Today over on The Guardian's "Women's Blog" there's an article titled "Young women are speaking up for themselves - and its time politicians took notice".
Kat Banyard, Feminista and evidence siting the swiftness in which the "Binders Full of Women" meme took off supports the view point in the article that, yes, young women certainly are speaking up for themselves... but I don't really think this is something new. Especially for women online.
While I appreciate I personally live in a bubble where everyone I know is very internet savvy, I don't feel like young women speaking up for themselves is new. And I certainly don't feel that there's one feminist who, until now, I've not heard of is to thank for this "movement". Are we back to trying to identify which wave of feminism we're in? How about just one big fuck-off tidal wave? That would surely do.
While I very much agree that politicians should start listening to young women, they really just need to start listening to people in general. The Obama camp has been online and trying to pull in votes from the social media savvy for years - yet it doesn't appear other politicians in the US or the UK have the same sort of understanding of the online world as they do. Can we imagine Ed Miliband's people creating a "This Chair is Taken" meme? William Hague responding to a "Texts from..." meme?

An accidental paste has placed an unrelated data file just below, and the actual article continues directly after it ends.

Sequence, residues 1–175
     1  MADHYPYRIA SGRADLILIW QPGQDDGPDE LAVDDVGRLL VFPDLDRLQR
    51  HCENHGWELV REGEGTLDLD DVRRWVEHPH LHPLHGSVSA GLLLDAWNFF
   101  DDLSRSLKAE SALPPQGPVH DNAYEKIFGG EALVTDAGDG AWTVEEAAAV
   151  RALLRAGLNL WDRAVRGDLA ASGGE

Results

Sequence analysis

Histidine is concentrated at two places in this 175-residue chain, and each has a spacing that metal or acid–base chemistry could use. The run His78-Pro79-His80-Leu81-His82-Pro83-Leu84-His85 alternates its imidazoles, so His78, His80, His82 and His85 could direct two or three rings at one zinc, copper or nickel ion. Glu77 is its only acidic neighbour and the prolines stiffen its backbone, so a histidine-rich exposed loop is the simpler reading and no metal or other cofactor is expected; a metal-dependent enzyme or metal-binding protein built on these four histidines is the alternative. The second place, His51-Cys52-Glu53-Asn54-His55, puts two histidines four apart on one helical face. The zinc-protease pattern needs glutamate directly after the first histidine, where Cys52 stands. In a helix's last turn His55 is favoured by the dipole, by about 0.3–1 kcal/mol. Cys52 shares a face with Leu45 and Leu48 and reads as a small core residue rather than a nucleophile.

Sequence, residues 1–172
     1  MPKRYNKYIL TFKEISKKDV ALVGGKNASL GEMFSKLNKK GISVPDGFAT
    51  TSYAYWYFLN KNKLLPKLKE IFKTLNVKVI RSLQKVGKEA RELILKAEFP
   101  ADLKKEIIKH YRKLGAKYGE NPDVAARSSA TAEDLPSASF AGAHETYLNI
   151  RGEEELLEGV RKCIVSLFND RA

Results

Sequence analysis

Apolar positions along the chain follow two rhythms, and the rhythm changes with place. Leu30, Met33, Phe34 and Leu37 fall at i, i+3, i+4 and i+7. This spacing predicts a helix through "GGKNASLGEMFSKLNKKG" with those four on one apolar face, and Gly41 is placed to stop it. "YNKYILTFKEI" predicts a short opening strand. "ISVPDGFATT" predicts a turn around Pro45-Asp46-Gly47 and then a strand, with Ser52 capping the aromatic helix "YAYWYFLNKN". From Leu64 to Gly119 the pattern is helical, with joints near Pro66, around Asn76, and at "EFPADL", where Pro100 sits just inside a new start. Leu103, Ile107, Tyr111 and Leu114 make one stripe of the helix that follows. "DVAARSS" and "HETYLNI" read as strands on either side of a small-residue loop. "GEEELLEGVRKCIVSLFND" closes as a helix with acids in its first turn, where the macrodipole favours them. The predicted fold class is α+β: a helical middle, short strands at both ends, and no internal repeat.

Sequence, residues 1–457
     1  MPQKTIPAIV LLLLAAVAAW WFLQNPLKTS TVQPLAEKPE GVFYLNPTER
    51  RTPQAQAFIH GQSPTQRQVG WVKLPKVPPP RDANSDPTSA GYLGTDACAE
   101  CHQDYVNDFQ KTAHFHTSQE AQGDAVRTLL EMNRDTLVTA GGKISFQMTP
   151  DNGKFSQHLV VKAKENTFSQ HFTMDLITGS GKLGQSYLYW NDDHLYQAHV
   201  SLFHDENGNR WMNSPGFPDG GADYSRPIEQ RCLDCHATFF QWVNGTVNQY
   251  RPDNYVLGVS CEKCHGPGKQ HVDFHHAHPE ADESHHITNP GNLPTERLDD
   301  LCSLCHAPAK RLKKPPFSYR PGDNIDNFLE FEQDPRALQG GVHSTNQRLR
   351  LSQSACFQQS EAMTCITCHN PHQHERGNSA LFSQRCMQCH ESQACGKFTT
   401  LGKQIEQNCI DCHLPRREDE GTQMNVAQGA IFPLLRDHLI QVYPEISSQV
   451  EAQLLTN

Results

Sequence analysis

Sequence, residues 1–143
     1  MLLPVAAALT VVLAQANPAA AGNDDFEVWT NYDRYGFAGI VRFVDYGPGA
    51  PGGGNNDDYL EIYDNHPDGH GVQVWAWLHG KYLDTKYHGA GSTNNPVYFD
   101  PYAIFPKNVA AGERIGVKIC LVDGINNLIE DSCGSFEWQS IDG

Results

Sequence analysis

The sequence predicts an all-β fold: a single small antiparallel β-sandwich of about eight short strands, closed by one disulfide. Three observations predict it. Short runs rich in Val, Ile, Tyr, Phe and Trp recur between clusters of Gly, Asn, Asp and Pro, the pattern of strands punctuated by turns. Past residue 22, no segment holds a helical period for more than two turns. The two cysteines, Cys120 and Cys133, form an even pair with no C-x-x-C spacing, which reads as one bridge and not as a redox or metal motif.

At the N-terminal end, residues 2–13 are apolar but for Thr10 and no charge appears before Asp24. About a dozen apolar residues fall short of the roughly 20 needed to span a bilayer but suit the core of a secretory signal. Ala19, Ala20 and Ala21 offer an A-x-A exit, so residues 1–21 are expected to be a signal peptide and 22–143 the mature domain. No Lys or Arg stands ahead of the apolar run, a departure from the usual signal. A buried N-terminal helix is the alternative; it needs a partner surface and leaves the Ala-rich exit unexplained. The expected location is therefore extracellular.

To be frank, these type of articles bore me to tears. Yes, young women are trying to make a difference online Yes, it would be nice of people took notice and listened. But this isn't a new thing. One feminist isn't to thank. And evidence of memes and views on YouTube videos isn't proof that women are just now starting to clear their throats and speak up.
Maybe I just have a hangover from the last week of feminist shitstorms, but I feel like those of us who have been blogging and marching and rallying against sexist bullshit for the last five years plus know damn well that women haven't been prepared to "put up and shut up" for a long damn time.
Image via msmornington's Flickr